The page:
Female execs 'send profits soaring', survey finds

Leading UK companies with women occupying more than one in three executive roles can be up to ten times more profitable than firms with little or no female representation, according to new research.

David-Sapsted-270720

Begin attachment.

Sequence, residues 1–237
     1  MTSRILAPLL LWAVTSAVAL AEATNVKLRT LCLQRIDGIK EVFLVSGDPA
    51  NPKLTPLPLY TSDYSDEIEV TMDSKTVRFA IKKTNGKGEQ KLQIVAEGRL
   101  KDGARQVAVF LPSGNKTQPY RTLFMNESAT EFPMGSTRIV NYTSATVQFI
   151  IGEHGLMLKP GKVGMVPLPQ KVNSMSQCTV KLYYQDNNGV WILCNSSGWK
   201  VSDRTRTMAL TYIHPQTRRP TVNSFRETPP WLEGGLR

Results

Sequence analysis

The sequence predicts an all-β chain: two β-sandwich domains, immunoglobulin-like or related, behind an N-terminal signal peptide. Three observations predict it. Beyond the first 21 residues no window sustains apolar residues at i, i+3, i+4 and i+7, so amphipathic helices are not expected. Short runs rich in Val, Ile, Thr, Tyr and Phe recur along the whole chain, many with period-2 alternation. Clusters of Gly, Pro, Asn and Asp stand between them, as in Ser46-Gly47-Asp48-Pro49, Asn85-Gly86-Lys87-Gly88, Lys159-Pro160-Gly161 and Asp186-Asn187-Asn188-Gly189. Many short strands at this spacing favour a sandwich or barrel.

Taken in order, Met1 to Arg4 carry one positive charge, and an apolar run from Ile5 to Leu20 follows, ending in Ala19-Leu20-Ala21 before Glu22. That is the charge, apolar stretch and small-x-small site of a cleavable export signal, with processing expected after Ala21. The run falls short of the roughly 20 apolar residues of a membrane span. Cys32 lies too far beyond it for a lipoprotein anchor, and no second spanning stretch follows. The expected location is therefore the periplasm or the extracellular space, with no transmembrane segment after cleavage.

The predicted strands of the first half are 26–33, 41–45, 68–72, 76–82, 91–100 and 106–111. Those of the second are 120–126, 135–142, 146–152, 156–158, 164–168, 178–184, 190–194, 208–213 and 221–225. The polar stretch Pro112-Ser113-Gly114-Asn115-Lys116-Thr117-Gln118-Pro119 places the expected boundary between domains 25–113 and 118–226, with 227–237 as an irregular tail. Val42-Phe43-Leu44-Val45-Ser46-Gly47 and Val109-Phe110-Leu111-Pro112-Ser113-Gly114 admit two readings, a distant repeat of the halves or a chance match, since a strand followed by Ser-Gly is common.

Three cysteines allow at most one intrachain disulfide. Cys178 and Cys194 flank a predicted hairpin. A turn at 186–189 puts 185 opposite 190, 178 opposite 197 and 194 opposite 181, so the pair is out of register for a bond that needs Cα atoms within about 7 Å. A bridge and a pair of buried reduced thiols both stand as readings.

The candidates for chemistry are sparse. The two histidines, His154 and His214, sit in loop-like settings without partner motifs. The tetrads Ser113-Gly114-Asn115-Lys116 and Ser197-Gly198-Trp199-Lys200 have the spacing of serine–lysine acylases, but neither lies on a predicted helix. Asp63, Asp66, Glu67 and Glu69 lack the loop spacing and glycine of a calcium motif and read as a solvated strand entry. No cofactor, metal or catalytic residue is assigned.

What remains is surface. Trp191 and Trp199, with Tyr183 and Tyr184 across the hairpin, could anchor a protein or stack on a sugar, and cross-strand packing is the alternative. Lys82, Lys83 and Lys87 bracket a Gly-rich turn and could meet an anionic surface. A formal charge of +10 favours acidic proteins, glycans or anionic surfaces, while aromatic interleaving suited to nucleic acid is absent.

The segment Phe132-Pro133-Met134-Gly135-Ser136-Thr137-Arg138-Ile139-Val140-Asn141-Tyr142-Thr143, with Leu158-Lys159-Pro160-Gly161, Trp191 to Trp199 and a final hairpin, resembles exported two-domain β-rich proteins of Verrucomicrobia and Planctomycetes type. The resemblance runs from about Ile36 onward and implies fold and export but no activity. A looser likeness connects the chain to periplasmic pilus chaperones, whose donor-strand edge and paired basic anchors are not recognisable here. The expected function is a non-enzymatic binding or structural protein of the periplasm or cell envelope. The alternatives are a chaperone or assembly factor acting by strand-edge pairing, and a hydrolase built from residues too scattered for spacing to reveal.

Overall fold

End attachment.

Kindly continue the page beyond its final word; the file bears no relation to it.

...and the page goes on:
A survey of FTSE 350 companies by gender diversity firm The Pipeline found that companies with no women on their executive committees recorded a net profit margin of 1.5 per cent, while those with at least a third of female executives recorded reached an average margin of 15.2 per cent.Pipeline said that if the companies with no women on their executive committees matched the performance of those with at least a third on their boards, an additional £47 billion could have been made in pre-tax profits.Lorna Fitzsimons, co-founder of Pipeline, said the 'Women Count 2020' report showed that having more women in decision-making positions meant businesses were better able to understand their customers.She said the findings showed "the stark difference in net profit margins of companies that have diverse gender leaderships compared to those who do not". Ms Fitzsimons called on businesses and government to “actively address” the issue as an “economic imperative” as the country battles to recover from the financial impact of the coronavirus pandemic.“During the most unprecedented economic challenge of our lifetime, the economy can’t afford for businesses to continually miss the opportunity to be more productive,” she added. “We will then emerge from this crisis together, stronger, and more united than ever in a post Covid-19 world.”The report found that, among executive committees of FTSE 350 companies, female involvement increased by 2.7 per cent, to 19.8 per cent, between April 2019 to April this year, However, it said there were “worrying signs” that this increase was driven by more women being appointed to 'functional' roles, such as HR, marketing or accounting, rather than decision-making ones.Former Prime Minister Theresa May, who contributed to the report, said there could be no good reason for the massive under-representation of women at the top of UK businesses."Every single male CEO who looks around his boardroom table to see nine out of 10 male faces staring back at him needs to ask himself what he is doing to make his business one which his daughter or granddaughter can get on in," she wrote.Meanwhile, research by law firm Pinsent Masons has found that, in the past year, women made up just one in five employees being put forward for senior roles at financial services firms.A review of more than 4,000 individuals taking up senior roles at financial firms - including banks, insurers, fund managers, hedge funds and private equity funds - found that 3,200 were men and only 830 were women.Elizabeth Budd, a financial services regulatory partner at Pinsent Masons, said: "More and more financial services firms are taking steps to improve gender diversity at top levels but the pace of change is still very slow."Given the attention that gender diversity has been given in recent years, I expect many firms will be disappointed that this is not being reflected in the number of women put forward for senior roles."The coronavirus crisis has upended working practices, organisational and operational structures."As a result, women will be hoping that City employers are going to be much more receptive to flexible working requests and this won't be used as an excuse for the low levels of women at senior levels."

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